Tony Tobias has worked in the cultural industries in Canada for more than 35 years, in the fields of music and media rights management, among others. His publishing company is Pangaea Media & Music Inc., and he’s a member of SOCAN’s Board of Directors. Saukrates is a veteran, Juno-nominated Canadian rapper, singer, and record producer who co-founded Capitol Hill Music, and sings in the group Big Black Lincoln. He’s also a member of Redman’s Gilla House collective, and has worked with K-os and Nelly Furtado. Here, they discuss publishing in hip-hop music.

Tony Tobias:
If you’re a hip-hop songwriter, you should be concerned about what you own of the copyright, which translates into multiple potential revenue streams. Some hip-hop producers don’t have a great handle on what music publishing is. The producer contributes to the master track, but the recording is a different entity to the song, so we have to differentiate – they’re separate as far as copyright is concerned.

There are also different types of producers. The producer-as-investor tells the artist, “I didn’t write the song, but because you can’t pay me, I’m proposing that you put me on the song as a co-writer, so I can benefit from airplay – that might be my only revenue.” Here, the artist retains copyright, as he or she does when working with the producer-as-arranger – or beat-maker – who comes up with beats for the song the artist has created. As an artist, don’t let that producer convince you that they have now co-written a song. The producer-as-composer actually has ideas as a musician and collaborates with the artist on the actual writing of the music, with a clear understanding that they are co-writing and sharing copyright.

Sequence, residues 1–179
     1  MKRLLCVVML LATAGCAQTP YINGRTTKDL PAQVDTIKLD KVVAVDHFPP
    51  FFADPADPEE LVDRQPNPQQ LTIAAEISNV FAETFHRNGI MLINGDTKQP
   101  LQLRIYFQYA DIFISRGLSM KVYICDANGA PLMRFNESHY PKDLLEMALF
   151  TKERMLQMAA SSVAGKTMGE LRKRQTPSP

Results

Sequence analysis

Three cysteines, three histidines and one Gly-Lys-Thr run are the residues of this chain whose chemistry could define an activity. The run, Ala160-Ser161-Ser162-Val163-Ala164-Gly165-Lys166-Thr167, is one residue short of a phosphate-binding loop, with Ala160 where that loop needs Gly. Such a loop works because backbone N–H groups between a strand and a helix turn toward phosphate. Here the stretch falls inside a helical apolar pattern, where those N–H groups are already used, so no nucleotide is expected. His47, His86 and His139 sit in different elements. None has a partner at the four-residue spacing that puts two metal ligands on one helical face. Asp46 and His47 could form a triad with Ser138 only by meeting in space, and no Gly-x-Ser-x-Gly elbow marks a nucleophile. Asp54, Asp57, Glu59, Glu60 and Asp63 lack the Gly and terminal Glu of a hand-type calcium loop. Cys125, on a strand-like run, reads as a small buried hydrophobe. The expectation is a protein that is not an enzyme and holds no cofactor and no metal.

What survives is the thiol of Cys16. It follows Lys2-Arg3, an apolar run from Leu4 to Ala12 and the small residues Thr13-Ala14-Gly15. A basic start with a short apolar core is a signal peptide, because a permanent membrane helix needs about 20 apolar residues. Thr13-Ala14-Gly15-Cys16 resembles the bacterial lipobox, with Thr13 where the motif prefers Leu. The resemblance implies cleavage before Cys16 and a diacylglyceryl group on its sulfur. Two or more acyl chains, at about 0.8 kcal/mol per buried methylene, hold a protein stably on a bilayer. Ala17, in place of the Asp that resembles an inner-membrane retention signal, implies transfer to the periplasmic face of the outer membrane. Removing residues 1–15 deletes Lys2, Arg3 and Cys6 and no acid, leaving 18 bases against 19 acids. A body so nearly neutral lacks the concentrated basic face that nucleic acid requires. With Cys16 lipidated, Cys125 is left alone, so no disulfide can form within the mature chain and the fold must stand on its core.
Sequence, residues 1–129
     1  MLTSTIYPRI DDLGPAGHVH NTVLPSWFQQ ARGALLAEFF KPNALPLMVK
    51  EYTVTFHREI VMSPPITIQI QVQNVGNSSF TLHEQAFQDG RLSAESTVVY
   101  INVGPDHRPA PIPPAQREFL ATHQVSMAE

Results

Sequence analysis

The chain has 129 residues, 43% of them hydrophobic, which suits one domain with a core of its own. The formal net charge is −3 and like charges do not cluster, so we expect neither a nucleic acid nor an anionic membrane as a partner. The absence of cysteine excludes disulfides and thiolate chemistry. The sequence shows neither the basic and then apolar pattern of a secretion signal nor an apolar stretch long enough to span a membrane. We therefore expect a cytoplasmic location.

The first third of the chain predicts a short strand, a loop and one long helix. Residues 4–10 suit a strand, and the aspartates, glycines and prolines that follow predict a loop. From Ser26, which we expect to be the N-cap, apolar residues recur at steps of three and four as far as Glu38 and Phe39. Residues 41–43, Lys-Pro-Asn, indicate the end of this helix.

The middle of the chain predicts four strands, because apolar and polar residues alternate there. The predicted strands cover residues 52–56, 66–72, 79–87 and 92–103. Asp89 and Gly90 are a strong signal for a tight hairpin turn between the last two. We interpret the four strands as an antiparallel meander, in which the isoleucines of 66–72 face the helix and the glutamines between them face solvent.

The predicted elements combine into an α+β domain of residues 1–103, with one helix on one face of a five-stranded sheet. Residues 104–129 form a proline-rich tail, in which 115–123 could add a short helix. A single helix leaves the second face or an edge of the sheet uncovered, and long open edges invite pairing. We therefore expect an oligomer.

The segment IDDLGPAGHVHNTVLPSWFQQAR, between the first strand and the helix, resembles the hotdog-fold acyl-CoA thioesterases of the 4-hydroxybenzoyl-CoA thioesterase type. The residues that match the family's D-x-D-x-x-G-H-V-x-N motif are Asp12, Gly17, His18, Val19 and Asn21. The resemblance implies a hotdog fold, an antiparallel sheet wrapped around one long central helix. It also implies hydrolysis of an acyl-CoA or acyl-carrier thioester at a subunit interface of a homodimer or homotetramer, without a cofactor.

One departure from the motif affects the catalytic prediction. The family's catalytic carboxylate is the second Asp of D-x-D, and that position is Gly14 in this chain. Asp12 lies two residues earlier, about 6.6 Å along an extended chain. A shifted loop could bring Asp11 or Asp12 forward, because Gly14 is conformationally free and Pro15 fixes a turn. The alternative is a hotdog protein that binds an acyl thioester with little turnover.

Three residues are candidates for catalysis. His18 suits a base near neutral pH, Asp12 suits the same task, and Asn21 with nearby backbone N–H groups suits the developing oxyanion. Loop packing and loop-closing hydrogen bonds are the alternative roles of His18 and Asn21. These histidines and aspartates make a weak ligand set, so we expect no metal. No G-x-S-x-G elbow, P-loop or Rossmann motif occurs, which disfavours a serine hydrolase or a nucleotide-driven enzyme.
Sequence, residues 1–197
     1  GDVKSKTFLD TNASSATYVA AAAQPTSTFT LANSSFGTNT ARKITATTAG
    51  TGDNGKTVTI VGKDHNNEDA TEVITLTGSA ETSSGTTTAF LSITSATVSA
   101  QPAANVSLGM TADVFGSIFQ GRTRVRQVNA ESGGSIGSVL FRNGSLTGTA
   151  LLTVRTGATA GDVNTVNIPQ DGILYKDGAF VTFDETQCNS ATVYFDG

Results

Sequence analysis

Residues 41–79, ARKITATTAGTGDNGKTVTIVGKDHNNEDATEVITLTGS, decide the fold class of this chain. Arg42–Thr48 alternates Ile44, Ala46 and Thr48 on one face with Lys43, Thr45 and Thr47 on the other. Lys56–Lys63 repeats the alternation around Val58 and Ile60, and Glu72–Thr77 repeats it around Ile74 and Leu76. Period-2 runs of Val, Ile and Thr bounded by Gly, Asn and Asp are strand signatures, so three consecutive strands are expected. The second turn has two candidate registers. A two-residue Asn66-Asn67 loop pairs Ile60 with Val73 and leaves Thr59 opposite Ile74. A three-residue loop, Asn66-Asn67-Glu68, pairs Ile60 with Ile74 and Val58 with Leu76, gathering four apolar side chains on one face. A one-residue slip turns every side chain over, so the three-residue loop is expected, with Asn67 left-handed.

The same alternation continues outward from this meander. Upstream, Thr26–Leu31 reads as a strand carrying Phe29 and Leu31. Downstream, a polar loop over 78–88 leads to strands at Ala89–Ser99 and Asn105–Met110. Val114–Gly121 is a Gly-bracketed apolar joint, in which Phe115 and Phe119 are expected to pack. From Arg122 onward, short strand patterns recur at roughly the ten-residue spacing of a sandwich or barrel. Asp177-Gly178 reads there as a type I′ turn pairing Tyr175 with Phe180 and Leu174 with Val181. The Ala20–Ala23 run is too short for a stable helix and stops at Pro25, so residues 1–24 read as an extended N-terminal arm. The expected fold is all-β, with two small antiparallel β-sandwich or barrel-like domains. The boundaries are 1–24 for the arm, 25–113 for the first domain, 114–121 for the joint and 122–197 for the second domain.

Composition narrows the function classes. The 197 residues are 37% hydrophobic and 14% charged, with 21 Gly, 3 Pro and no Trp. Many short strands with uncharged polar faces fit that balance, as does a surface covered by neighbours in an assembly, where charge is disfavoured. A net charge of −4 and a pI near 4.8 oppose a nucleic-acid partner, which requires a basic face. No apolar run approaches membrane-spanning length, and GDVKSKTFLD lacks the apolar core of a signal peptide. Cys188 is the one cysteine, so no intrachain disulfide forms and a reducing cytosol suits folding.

In a writing-room situation, before you start, say, “OK, everybody in the room is cool with the fact that this is a collaboration/co-songwriting thing here, and before we leave the room we’ll agree about who contributed what, and here’s the sheet that we’ll all sign, basically accepting the percentage that we agreed.”

These days the lines get blurred between beat-makers and producers. The more talented beat-makers play a huge role in putting a song through the roof. They can take some of the producer credit, or share it, because they have taken it that far.

A lot of times, new beat-makers get opportunities on a mixtape, which nowadays is just putting your music out there so people can get a feel for what you do. So in that case they might say, “You can use it for a minimal amount, but it’s non-exclusive” – and they’ll retain their publishing, and reap the long-term benefit. Two years later, you call the beat-maker again, and it’s not the same: you can’t use this piece of music for nothing, non-exclusively or exclusively. It’s a battle. It’s war out there!
Up-and-comers don’t even think about the red tape before they go in the studio. That’s something for all veterans to take note of, to keep it loose and be free with it and deal with it all afterwards. If it don’t fly, you find a way to change it, to replace the sample or said musician. The sky’s the limit.